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Claiborne to cover hospital shortfalls

[07/06/01] The Claiborne County Board of Supervisors voted Thursday to cover funding shortfalls at the county’s public hospital while a private consultant implements plans to improve finances at the health center.

The supervisors agreed to give Claiborne County Hospital 90 days to install new health care programs designed by Jackson consultant Mitch Monsour to erase a deficit that has forced hospital officials to cut back patient services several times this year.

Meanwhile, the county board will cover weekly financial requests by the hospital, District 5 Supervisor Charles Shorts said.

“The hospital will undoubtedly remain open,” said Shorts, who approved the plan along with District 1 Supervisor Albert Butler and District 4 Supervisor Martha Lott. District 2 Supervisor Charlie Norrell Jr. and District 3 Supervisor W.B. Moore were not present.

Wanda Fleming, administrator of CCH, said the plan is a good solution to a problem that almost forced the hospital to close its doors.

“The Board of Supervisors has reaffirmed its commitment to health care for the citizens of Claiborne County,” Fleming said. “It’s a good day.”

Fleming declined to estimate how much the hospital would need from the county during the next 90 days. She also did not discuss details of the new programs to be implemented at CCH.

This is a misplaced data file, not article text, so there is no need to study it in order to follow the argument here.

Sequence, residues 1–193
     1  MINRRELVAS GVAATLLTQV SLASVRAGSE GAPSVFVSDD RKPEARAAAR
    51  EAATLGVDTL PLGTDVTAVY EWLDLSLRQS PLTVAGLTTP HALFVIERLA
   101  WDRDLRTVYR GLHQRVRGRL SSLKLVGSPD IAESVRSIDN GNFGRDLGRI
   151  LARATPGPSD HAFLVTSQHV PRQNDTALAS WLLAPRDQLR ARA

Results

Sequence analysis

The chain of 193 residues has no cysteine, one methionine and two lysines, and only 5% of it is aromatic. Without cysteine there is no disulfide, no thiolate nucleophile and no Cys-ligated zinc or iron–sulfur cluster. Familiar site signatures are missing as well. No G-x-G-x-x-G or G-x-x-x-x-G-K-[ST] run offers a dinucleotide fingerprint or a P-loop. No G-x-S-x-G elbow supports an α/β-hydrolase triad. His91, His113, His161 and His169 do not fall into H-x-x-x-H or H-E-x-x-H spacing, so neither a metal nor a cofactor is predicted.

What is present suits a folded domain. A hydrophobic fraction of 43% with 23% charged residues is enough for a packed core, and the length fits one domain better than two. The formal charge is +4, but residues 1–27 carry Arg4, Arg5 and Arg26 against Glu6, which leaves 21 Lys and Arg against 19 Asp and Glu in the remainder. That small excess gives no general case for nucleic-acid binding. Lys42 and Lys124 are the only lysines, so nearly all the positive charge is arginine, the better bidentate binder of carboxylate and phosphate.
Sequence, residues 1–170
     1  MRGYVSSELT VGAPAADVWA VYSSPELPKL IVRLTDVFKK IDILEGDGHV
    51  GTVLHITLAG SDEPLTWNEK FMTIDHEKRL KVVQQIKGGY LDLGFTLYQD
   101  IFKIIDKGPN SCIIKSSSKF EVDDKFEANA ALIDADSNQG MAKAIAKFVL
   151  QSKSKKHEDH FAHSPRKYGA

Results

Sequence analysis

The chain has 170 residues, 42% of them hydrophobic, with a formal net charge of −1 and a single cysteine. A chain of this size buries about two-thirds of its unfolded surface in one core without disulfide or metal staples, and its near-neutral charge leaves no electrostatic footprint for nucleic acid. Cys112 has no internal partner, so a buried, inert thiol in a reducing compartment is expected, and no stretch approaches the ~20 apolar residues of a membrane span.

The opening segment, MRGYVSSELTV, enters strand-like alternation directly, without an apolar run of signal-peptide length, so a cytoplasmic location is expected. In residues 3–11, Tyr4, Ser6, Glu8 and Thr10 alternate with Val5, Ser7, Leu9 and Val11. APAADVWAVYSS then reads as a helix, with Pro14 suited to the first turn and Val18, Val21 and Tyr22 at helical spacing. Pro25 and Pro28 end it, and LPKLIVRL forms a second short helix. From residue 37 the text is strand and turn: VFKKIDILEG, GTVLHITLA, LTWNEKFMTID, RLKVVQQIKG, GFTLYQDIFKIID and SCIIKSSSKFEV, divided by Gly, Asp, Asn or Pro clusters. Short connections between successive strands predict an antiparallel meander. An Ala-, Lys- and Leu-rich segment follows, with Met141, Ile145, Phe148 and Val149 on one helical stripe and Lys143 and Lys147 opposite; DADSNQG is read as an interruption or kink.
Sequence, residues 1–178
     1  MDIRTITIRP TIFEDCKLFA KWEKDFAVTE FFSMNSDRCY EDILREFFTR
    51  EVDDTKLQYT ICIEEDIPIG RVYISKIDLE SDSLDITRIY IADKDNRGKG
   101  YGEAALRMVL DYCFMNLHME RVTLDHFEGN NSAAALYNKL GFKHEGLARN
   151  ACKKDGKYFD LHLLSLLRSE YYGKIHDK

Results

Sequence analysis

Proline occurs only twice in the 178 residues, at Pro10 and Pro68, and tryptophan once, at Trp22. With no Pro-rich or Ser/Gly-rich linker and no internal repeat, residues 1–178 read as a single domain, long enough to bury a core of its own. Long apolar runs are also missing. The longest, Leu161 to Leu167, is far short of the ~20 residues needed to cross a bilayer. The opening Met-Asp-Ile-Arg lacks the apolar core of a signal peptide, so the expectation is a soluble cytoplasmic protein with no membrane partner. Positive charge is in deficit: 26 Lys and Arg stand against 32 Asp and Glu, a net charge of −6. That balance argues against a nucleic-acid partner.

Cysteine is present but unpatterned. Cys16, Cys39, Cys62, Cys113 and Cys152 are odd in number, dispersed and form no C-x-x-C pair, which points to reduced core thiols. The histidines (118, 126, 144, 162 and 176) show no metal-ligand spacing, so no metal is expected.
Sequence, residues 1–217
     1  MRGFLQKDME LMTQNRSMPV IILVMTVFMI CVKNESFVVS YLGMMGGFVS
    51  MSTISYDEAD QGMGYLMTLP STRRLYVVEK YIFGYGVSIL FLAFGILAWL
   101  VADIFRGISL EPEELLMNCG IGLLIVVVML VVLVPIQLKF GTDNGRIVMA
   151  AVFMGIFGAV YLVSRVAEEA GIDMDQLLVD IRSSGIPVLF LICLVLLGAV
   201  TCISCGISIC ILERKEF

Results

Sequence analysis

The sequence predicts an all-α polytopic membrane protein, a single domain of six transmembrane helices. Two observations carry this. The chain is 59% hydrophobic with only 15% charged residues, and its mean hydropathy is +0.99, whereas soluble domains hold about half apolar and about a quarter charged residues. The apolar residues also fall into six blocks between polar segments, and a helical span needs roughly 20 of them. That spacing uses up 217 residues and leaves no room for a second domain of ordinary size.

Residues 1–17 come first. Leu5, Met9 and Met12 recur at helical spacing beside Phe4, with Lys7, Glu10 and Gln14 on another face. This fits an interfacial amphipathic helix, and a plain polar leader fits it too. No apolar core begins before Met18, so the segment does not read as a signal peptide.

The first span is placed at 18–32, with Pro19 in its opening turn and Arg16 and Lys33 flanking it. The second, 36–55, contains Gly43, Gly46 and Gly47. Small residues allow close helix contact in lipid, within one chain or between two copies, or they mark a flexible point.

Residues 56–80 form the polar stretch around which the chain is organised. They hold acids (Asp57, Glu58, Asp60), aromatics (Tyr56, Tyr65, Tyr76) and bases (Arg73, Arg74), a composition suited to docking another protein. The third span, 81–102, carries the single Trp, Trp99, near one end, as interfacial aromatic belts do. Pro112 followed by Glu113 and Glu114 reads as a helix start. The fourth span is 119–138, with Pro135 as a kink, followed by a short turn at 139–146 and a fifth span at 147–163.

The hospital, on McComb Avenue in Port Gibson, has faced a welter of financial problems that stem from government cutbacks in aid to rural health care.

The Balanced Budget Act of 1997 took about $200,000 a year for five years from CCH’s normal appropriation. But other factors have exacerbated the hospital’s troubles it still owes $300,000 in free service to pay back a federal loan it received in the 1970s; it was disqualified last year from a Medicaid program that previously provided $300,000 annually; and it is still trying to make up a Medicare overpayment of almost $200,000 that it received in 1999.

Earlier this week, the hospital had no money in its bank account, prompting Fleming to say it might close its doors “at a moment’s notice.” CCH’s linen closet is almost bare, forcing nurses to pay for new bed sheets out of their pockets. The hospital’s cable service was cut off last week.

Established in 1951, CCH is a non-profit operation that caters primarily to poor and elderly patients from Port Gibson and outlying areas. Since it is the only hospital in Claiborne County, it often provides primary care to seriously ill or wounded people who are later transferred to Vicksburg or Jackson for more extensive treatment.